The vultures are circling the Toronto Raptors, a miserable 4-18 prior to Wednesday's visit by the Brooklyn Nets.
"It just sucks that we've got bad luck everywhere," leading scorer DeMar DeRozan said succinctly.
For Raptors coach Dwane Casey, the advice to his players is simple.
"This is when you have to pull your pants up — I think I heard the term 'big boy pants' — and be ready to play," Casey told reporters after the team's morning shootaround.
"That's where I am. I'm a fighter. I'm a scrapper. I'm still with this team. We're working hard ... I'm not shying away from this challenge and this opportunity."
An injury-depleted roster hasn't helped matters. Casey's injury list includes Andrea Bargnani, Kyle Lowry, Linas Kleiza, Alan Anderson and Landry Fields.
Bargnani is out indefinitely with a ligament tear in his right elbow and a strained right wrist after getting hurt in Monday's loss to Portland.
Lowry, who was also hurt Monday, has a partial tear to his right triceps muscle and is expected to be out for 10 days.
Anderson has been working out with the team and is expected to participate in a full practice Thursday with an anticipated return to the active roster for Friday's game versus Dallas. Anderson sustained a partially torn plantar fascia in his left foot in a Nov. 10 game versus Philadelphia.
Fields underwent ulnar nerve transposition surgery November 14 to address compression/entrapment in his right elbow and will have a second follow-up visit Thursday with surgeon Dr. Andrew Weiland in New York.
Amir Johnson, meanwhile, was suspended for the Brooklyn game after throwing his mouthpiece at an official during Monday's loss.
Casey expected to have just eight healthy players available for the Nets. The number went up, however, with the arrival of rookie forward Quincy Acy from the Bakersfield Jam of the NBA Development League.
Bargnani and Lowry are second and third on the team in scoring, averaging a combined 31.8 points per game.
Casey, who believes his team is probably three to five wins better than the standings show, says coaches and players alike have to endure the attention and speculation that accompany such a slide down the league table.
"We live in a glass bowl. I live in a glass bowl. That's part of the territory when we sign up," he said. "So we're all men.
"And I've explained that to players. You've got to perform — trade rumours, firing, whatever it is — we all have to perform. We have a job to do. And we can't go in a shell and say 'Please go away, please go away.'"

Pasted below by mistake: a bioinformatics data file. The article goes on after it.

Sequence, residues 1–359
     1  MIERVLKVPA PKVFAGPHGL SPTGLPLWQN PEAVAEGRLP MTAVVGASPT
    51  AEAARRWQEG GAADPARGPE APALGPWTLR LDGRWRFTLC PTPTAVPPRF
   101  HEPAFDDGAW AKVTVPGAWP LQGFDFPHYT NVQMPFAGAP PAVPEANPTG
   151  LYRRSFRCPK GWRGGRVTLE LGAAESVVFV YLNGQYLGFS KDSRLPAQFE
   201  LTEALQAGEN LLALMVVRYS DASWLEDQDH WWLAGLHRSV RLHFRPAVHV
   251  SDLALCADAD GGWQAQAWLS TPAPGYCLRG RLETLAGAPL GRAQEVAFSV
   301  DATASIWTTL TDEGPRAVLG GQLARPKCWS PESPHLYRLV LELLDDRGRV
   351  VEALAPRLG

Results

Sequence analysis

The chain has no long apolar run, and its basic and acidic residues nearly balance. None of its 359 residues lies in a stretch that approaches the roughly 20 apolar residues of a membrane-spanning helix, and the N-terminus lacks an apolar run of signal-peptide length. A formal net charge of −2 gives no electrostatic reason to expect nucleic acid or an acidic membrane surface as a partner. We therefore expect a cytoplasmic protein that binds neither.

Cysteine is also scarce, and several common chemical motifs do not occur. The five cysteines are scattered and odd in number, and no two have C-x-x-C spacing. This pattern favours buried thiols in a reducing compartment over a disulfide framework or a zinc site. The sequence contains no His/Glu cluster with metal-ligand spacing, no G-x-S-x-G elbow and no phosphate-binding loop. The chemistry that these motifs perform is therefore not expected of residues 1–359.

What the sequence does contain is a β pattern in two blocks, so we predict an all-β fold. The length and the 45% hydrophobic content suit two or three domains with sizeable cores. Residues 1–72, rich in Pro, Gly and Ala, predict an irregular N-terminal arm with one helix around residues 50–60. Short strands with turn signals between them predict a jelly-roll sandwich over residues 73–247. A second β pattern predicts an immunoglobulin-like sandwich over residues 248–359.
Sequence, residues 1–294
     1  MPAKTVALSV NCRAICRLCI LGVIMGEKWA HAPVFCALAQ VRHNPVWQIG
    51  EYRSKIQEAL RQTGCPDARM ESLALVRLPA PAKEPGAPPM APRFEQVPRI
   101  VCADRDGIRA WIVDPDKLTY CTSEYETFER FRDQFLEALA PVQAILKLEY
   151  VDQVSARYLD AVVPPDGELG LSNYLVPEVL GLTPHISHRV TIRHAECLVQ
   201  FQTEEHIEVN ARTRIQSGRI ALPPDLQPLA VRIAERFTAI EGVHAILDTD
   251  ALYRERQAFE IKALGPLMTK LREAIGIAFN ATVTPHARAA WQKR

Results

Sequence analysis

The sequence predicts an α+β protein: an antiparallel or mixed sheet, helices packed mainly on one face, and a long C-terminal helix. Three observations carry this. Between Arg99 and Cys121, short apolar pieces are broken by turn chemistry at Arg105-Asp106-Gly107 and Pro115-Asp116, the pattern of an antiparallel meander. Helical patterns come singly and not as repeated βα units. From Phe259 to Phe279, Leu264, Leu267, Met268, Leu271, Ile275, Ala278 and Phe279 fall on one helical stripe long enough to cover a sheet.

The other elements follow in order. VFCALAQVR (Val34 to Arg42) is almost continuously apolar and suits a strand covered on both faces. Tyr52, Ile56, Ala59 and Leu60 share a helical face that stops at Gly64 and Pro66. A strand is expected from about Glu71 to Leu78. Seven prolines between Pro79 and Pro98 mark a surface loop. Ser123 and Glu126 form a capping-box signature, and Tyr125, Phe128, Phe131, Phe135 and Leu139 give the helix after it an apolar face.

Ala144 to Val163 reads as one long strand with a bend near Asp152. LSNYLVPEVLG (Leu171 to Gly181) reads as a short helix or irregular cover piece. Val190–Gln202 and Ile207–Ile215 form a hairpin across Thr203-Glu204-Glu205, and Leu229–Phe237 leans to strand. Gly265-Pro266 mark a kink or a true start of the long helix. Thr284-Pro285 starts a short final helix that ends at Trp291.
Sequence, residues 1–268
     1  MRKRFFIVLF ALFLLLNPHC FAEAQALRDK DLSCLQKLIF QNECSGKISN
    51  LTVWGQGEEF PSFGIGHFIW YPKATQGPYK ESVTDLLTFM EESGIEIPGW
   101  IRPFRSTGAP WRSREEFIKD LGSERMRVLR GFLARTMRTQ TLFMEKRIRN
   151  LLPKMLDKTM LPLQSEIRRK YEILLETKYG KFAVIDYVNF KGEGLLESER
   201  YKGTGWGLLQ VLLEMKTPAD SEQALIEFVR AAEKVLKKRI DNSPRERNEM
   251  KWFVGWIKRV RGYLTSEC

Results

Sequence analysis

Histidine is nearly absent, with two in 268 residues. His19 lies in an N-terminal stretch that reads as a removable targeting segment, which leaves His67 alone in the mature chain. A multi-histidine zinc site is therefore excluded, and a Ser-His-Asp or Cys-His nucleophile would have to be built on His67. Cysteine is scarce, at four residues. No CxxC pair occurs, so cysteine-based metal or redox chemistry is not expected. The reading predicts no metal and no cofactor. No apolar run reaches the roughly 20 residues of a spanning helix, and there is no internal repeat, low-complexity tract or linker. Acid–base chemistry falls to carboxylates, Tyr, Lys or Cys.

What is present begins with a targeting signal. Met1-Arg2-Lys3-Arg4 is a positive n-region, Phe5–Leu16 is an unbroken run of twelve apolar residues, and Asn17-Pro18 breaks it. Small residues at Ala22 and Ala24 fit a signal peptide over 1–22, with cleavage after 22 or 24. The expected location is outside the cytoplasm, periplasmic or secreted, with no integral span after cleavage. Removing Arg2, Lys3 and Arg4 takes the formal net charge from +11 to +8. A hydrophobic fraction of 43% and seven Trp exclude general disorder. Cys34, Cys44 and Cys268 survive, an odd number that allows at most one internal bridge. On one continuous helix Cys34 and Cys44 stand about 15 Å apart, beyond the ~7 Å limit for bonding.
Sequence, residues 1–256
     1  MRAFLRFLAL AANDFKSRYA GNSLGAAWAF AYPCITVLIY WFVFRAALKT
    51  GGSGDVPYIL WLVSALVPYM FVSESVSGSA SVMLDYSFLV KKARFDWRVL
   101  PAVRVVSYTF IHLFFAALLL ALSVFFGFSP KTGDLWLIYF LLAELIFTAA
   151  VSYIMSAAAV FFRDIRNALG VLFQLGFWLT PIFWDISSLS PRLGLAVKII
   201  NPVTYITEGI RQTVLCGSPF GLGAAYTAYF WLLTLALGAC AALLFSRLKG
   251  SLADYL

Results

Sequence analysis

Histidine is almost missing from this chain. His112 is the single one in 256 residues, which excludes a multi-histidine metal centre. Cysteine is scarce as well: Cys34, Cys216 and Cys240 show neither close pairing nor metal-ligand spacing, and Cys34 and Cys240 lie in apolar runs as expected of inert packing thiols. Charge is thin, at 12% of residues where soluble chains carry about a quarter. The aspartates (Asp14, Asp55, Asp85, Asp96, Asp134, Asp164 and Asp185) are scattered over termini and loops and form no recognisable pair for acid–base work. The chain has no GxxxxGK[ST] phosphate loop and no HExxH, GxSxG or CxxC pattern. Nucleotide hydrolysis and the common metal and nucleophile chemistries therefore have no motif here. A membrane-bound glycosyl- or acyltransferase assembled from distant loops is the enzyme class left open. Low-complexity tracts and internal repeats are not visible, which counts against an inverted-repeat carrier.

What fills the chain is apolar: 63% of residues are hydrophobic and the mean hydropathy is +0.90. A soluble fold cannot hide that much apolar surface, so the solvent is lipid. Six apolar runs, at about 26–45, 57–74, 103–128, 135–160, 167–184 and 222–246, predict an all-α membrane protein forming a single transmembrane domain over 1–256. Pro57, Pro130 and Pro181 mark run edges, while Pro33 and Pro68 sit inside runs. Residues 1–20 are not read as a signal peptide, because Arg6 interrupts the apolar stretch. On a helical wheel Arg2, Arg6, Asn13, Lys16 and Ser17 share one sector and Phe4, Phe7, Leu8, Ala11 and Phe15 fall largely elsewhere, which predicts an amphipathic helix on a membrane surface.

Like Casey, general manager Bryan Colangelo is under the spotlight as the team sputters.
Colangelo spoke out on the recent road trip, calling the team's play unacceptable, disappointing and embarrassing. Rather than the team's talent level, he pointed to "lack of focus, attention to detail, consistency of competing."
Players and coaches also met after a loss in Utah to do some soul-searching. The Raptors promptly lost games in Portland and Los Angeles, against the Clippers.
"I think Bryan was trying to light a fire under the players, saying there's lack of focus, that we had talent," said Casey.
"We do have talent," he continued. "We have young talent that can compete in this league — or growing talent. I think there's a lot of room for improvement with the talent we have and I think that's what he's trying to say is 'Look, we're good enough. We're good enough to compete with these guys.'"
Defence has been one of the major issues.
Going into the Brooklyn game, the Raptors ranked 30th — last — in the league in point differential per game at minus 7.45. Toronto was 27th in points conceded per game at 103.0 and 27th in rebounding by opponents.
"I thought we made progress last year defensively and we've taken a step back," he said. "We've taken a step back to go forward. But are we giving up on that progress? I'm not."
After playing 15 of their its 22 games away from home, Toronto sees 11 of its next 15 at the Air Canada Centre. But Casey was quick to note that the friendly confines of home are not a cure-all.
"There's an old saying: 'Home will take care of you but you've got to take care of home,'" he said. "You don't want to be comfortable at home either because that's when you get in trouble.
"We're going to have challenges wherever we play as a team."
And Casey says he's going to give everything he has to help the team progress.
"And I'm going to continue to do it until they tell me I'm not here any more. And if they feel like I'm the issue or the problem then that's fine too. But I haven't been told that so I wake up every morning, six o'clock, ready to come in and ready to get to work and have my big boy pants on."